24 Av 5781
On 2 August 2021, the 77th anniversary of the liquidation of the “Family Camp for Gypsies” in the concentration camp of Auschwitz, members of the Jewish Community of Kraków together with the Chairman of the Board, Tadeusz Jakubowicz, took part in the ceremony of remembrance of the Roma and Sinti Holocaust Victims, at the Auschwitz-Birkenau Museum.
Taking part in the ceremony were: Roman Kwiatkowski (president of the Roma association in Poland), Piotr Cywiński (director of the State Museum of Auschwitz-Birkenau), Romani Rose (president of the Central Council of German Roma and Sinti) and Włodzimierz Bernacki (Permanent Secretary, Government Representative for the monitoring of the reform of higher school education and science, who read a letter from Prime Minister Mateusz Morawiecki), the Vojevod of Lesser Poland Łukasz Kmita, Dan Doghi (European Commission) and representatives of central and local government, associations and members of the diplomatic corps.
The extermination of the Roma and Sinti in the Second World War was carried out in order to murder each one of them without exceptions.
In 1933, when Hitler was elected by the Germans, the Roma and Sinti began to lose their civil rights. In 1938, a decree titled “Fight against the Gypsy plague” stated that mixed-race Gypsies were the most likely to be criminals. Precise rules on who is a gypsy were given by Himmler on August 1941 and encompassed three generations (in the case of Jews two). Two Gypsy great-grandparents would mean death. The extermination of Gypsies began in occupied Poland at the end of 1941.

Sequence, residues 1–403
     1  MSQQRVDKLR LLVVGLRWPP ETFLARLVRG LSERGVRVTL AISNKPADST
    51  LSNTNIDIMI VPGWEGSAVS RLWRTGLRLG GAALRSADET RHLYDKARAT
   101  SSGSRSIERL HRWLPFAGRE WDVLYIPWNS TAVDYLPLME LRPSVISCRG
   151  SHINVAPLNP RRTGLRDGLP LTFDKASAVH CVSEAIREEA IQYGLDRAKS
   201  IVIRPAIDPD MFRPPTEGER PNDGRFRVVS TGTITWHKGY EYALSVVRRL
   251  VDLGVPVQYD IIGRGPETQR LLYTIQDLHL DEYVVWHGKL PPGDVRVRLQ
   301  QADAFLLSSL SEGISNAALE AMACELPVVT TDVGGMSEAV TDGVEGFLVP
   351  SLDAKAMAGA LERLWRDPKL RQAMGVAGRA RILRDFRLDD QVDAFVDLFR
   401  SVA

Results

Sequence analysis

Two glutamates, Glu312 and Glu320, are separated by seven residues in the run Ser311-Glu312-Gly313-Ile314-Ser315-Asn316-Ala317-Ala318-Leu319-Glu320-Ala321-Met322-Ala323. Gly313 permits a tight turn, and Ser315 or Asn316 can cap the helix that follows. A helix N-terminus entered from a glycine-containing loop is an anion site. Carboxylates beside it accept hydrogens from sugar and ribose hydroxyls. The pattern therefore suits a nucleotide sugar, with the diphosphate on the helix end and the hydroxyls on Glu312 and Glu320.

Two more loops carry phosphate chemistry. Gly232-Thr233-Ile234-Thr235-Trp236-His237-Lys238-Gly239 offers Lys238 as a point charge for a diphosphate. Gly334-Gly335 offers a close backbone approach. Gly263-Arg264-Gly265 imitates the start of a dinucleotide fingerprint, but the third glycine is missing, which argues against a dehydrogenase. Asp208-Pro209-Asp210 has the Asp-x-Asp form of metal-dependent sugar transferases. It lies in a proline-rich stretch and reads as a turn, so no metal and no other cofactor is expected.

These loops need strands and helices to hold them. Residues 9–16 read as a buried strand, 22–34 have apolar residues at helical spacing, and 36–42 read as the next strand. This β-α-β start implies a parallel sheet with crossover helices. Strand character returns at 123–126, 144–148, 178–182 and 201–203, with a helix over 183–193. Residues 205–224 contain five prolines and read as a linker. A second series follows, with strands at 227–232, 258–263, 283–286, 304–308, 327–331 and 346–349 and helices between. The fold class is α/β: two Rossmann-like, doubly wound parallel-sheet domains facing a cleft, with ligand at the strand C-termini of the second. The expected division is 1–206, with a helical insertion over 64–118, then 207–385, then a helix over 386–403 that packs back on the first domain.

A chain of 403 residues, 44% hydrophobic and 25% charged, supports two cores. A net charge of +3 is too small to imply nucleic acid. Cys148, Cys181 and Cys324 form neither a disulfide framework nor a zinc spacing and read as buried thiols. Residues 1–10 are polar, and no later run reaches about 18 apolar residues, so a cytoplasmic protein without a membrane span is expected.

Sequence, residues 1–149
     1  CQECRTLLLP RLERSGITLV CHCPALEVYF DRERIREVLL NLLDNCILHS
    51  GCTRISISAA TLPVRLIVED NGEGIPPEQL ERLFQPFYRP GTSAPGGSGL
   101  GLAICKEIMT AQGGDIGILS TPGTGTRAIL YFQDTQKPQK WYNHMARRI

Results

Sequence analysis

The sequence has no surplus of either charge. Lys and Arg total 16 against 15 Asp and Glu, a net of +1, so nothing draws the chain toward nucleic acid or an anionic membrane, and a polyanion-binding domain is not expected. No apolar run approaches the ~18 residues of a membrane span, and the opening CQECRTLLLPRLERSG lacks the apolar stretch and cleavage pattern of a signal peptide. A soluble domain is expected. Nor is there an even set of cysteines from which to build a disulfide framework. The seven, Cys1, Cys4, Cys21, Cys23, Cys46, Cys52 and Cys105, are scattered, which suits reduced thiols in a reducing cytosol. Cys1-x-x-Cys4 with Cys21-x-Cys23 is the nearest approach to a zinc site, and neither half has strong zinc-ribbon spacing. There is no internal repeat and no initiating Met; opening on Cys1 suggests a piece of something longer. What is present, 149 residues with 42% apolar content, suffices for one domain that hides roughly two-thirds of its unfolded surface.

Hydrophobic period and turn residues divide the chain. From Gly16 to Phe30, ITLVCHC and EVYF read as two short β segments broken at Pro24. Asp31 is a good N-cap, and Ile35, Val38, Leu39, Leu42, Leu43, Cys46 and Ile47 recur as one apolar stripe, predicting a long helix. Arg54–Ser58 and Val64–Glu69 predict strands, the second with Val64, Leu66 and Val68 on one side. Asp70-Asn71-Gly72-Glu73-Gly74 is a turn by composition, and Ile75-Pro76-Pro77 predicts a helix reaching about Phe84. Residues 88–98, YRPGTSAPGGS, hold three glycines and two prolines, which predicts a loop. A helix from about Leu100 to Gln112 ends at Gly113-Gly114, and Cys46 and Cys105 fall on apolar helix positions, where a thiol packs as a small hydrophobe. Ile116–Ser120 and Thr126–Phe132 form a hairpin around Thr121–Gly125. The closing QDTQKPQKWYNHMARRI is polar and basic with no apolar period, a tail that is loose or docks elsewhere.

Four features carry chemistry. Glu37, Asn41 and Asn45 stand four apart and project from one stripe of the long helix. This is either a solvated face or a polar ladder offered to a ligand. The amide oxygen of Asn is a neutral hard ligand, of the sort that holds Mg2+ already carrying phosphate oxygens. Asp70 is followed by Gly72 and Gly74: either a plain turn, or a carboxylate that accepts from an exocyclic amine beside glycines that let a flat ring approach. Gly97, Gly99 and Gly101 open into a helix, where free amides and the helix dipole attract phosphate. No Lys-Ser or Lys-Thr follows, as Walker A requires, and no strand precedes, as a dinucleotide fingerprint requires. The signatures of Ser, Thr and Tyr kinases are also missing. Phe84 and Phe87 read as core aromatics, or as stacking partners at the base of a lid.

In the middle section of the Auschwitz-Birkenau camp, on an area 120 by 600 metres there was the “Family Camp for Gypsies”, which had 32 mixed barracks and 6 sanitary ones. According to camp records there were 23,000 Gypsies, who were initially forced to build the camp. This “camp within the camp” existed for about 18 months until its liquidation on 2 August 1944, when 3,000 Roma and Sinti were gassed in one night. The task was not easy, as the Roma and Sinti reacted and even attacked the guards. About 20,000 Roma and Sinti were killed by starvation, slave work, medical experiments, disease but mostly by being gassed.
An estimated 500,000 people were victims of the Porajmos (Devouring), that is, the German extermination of the Roma and Sinti during the Second World War.